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Coffee Education + Youth Development

Right now I am safe at home yet under this unprecedented global quarantine. It's truly an interesting time that I have many thoughts on, I'll save those for another time. This does provide me with an opportunity to further reflect on my time in Laos. As we left off last time I introduced the various activities that I was involved in on a daily basis and some of the unique events. In this update, I will cover more of my activities, meeting interesting people, and discovering more about Laos and coffee.


Here is me with Mark Steadman, CEO of Lone Buffalo. They run a school that teaches English and business skills to underprivileged children. Here they are learning about the coffee process and shooting marketing material for their small coffee roasting business. These kids were great fun to be around and very keen on learning everything they can about business. The gentleman with the baby runs a coffee farm that the kids come and harvest and process coffee at the MX coffee facilities.



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A few days later I ran some coffee plant and soil management courses for a local farm in Phonsavan. There I taught how to properly prune trees and apply lime to the soil. The Liming process was rather cursory as they would need to invest much further to fix the pH of their soil. For now, it was demonstrative and the biggest gains will come from pruning, leaving cover grasses, organic material, and caring for the land. It was good fun to hang out with them, share a lunch, and enjoy the day doing some ag work.



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After that, I spent a few days at the roastery taking video and helping process orders. I also met a local gentleman who was interested in growing coffee on his uncle's farm. I went out there and performed a site analysis, had some Lao moonshine, and enjoyed good company.



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Here are some photos of the site survey.


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Given how bootstrapped this operation is sometimes we travel to the villages to evaluate, purchase, and transport the coffee. This village was the most organized of them all, had a main matriarch who kept everyone in-line, and a central square where they met, sorted coffee, and performed lots of activities. Frankly, I wish more towns in the United States operated a bit more like this. The old downtown model provides something that is missing for us these days. Also, that little Lao girl looked a bit like my five-year-old so I finally got her to agree to take a photo.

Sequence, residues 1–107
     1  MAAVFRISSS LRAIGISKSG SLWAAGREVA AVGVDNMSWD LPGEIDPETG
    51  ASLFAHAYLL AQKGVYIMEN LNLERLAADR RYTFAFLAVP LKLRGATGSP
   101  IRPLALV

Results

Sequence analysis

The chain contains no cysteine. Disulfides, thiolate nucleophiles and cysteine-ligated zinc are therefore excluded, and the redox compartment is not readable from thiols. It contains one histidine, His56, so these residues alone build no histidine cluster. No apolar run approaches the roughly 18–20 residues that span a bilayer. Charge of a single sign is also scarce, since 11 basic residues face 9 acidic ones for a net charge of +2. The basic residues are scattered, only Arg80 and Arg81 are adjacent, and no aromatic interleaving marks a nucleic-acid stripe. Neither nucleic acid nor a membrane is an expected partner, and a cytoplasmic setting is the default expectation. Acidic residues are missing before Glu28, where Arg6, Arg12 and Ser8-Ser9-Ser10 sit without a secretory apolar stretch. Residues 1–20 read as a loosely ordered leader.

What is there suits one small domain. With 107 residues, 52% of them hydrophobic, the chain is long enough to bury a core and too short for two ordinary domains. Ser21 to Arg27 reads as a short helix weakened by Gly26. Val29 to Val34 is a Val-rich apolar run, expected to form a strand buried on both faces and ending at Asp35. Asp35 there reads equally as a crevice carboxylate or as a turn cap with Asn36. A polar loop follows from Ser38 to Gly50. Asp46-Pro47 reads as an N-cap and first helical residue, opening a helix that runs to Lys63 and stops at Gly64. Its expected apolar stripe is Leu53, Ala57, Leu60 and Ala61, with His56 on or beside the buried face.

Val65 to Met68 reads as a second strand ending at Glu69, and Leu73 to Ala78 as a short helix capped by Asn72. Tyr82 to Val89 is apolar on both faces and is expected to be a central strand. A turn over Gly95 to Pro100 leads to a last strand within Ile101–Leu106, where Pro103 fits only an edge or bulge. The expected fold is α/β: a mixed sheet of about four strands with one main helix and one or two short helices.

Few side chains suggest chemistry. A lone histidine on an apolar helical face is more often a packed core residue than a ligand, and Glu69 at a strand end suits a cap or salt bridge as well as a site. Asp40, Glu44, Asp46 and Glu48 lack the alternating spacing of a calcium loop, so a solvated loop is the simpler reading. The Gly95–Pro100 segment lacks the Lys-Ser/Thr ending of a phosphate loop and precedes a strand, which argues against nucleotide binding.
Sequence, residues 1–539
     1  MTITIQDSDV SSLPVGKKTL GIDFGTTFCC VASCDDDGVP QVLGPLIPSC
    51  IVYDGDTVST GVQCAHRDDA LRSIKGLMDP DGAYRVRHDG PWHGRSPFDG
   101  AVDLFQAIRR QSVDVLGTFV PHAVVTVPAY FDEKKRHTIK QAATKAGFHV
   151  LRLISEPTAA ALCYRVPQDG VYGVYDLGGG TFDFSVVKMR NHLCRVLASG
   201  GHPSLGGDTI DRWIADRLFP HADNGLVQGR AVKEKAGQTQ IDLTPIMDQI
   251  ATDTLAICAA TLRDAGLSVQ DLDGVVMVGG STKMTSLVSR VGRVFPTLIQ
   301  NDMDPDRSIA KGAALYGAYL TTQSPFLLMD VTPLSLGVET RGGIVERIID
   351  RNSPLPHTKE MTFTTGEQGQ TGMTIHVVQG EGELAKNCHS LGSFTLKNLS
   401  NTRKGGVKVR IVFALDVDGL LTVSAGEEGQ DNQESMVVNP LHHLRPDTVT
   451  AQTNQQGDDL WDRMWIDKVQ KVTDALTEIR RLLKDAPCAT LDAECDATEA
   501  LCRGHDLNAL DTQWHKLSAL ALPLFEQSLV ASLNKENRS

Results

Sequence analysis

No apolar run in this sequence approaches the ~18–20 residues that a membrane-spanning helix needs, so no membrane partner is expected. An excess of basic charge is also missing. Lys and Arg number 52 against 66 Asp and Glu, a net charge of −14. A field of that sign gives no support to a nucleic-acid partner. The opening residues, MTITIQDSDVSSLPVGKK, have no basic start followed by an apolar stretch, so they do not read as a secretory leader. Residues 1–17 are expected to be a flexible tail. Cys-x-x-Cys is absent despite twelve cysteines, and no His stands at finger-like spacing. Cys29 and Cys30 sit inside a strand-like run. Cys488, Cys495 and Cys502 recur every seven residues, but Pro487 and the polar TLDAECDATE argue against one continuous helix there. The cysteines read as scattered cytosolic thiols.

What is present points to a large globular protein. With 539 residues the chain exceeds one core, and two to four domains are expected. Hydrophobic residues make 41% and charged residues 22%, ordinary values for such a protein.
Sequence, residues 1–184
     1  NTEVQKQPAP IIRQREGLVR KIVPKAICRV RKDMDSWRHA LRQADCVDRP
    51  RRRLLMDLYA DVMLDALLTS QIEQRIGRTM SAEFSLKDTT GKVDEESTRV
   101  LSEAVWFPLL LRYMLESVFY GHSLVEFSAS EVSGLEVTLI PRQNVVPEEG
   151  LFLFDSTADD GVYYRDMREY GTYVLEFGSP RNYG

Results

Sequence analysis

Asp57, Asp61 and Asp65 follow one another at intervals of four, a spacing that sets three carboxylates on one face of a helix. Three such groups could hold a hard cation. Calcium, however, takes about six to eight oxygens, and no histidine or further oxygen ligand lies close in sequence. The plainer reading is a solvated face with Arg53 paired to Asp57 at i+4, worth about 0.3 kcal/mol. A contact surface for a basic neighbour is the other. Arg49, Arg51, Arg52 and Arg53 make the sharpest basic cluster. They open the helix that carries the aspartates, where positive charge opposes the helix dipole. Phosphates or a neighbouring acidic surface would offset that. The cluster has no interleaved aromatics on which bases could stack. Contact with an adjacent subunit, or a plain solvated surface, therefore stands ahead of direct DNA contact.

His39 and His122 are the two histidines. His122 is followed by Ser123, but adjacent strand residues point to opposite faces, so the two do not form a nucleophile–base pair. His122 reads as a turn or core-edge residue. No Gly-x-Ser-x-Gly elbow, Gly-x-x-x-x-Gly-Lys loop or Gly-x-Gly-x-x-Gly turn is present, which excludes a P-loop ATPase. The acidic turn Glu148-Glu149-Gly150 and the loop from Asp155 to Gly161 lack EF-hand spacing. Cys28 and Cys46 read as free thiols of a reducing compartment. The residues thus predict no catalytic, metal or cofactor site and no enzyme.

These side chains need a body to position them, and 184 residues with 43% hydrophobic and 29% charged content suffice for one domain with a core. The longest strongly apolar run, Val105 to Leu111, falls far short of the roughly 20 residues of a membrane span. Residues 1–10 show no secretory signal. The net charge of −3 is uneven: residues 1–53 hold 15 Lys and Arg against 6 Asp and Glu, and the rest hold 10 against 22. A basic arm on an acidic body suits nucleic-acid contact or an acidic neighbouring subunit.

This village is Tan Thani but goes by several names, much like everything in Laos. I love how informal and personal everything is in Laos, though it can be frustrating not having universal standards to go on. Here we measured the moisture of the beans (they must fall below 12%), reviewed their drying operation, and purchased the parchment beans. It is very nice to see such a well run organization and to hear how they have improved and organized over the years.


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Often coffee operations are run by women and they easily toss around 50-80lb bags of coffee while carrying babies on their backs. The women can operate the coffee farms that are near the village and all the processing and drying as this can be done near or in the village while they care for the children and homes. Many of the men hunt, run businesses in a nearby town, or work in other capacities that take them farther from the village.


We put about 2000 kilos of coffee in the back of this Toyota Hilux, that truck is a beast.


Later that week we visited another operation that is smaller and yet the people self-organized. We purchased smaller amounts of coffee and I gathered soil samples for my impromptu lab set up back at the roastery. Worked with Wa, teaching how to conduct soil samples, though ideally a better lab with better equipment could perform more official samples.


You can also witness just how devastating the ubiquitous slash and burn is. It's truly astounding how much of the mountainside is being cut down and used for temporary growth. With increasing population pressures and economic incentives, this process will eventually culminate in a greatly diminished ability for these people to live off the land. I don't always love everything that development is doing but globalization and economic growth are occurring and just leaving these environments subject to short-term gains by farmers isn't the answer either.



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There was still time here and there to go exploring on dirt bikes, fall of them, slide down a mountain, get pinned to a tree and have gasoline pour out onto me... That was a fun day.


Here we conclude this post and there is probably one or two more posts before it concludes my trip. I wanted to keep this going to provide closure for my activities out there for those that are interested and as a way, for me to chrono-log my trip.



Comments: Thanks for reading this and joining me on the journey. We would love your continued support as we look to remain engaged with these communities. Check out our coffee and tell your friends about us.



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